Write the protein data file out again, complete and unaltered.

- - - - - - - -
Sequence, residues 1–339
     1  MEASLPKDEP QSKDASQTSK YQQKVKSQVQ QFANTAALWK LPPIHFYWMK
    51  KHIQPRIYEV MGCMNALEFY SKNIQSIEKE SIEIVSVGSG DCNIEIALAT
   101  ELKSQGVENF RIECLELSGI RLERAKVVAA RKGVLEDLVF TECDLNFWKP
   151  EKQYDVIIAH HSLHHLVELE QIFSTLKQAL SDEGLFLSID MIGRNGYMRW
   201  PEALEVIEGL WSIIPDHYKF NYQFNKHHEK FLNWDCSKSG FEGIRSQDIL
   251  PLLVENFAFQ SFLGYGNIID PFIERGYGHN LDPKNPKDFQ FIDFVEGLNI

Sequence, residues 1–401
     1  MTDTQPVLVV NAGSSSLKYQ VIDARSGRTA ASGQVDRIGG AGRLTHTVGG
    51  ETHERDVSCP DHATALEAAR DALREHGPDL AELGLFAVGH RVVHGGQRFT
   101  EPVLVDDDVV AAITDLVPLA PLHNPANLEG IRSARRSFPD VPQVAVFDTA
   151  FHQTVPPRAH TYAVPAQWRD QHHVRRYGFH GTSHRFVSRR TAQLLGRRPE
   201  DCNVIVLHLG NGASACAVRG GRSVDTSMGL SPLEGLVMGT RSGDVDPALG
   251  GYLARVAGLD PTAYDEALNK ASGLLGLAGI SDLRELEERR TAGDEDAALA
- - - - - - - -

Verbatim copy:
Sequence, residues 1–339
     1  MEASLPKDEP QSKDASQTSK YQQKVKSQVQ QFANTAALWK LPPIHFYWMK
    51  KHIQPRIYEV MGCMNALEFY SKNIQSIEKE SIEIVSVGSG DCNIEIALAT
   101  ELKSQGVENF RIECLELSGI RLERAKVVAA RKGVLEDLVF TECDLNFWKP
   151  EKQYDVIIAH HSLHHLVELE QIFSTLKQAL SDEGLFLSID MIGRNGYMRW
   201  PEALEVIEGL WSIIPDHYKF NYQFNKHHEK FLNWDCSKSG FEGIRSQDIL
   251  PLLVENFAFQ SFLGYGNIID PFIERGYGHN LDPKNPKDFQ FIDFVEGLNI

Sequence, residues 1–401
     1  MTDTQPVLVV NAGSSSLKYQ VIDARSGRTA ASGQVDRIGG AGRLTHTVGG
    51  ETHERDVSCP DHATALEAAR DALREHGPDL AELGLFAVGH RVVHGGQRFT
   101  EPVLVDDDVV AAITDLVPLA PLHNPANLEG IRSARRSFPD VPQVAVFDTA
   151  FHQTVPPRAH TYAVPAQWRD QHHVRRYGFH GTSHRFVSRR TAQLLGRRPE
   201  DCNVIVLHLG NGASACAVRG GRSVDTSMGL SPLEGLVMGT RSGDVDPALG
   251  GYLARVAGLD PTAYDEALNK ASGLLGLAGI SDLRELEERR TAGDEDAALA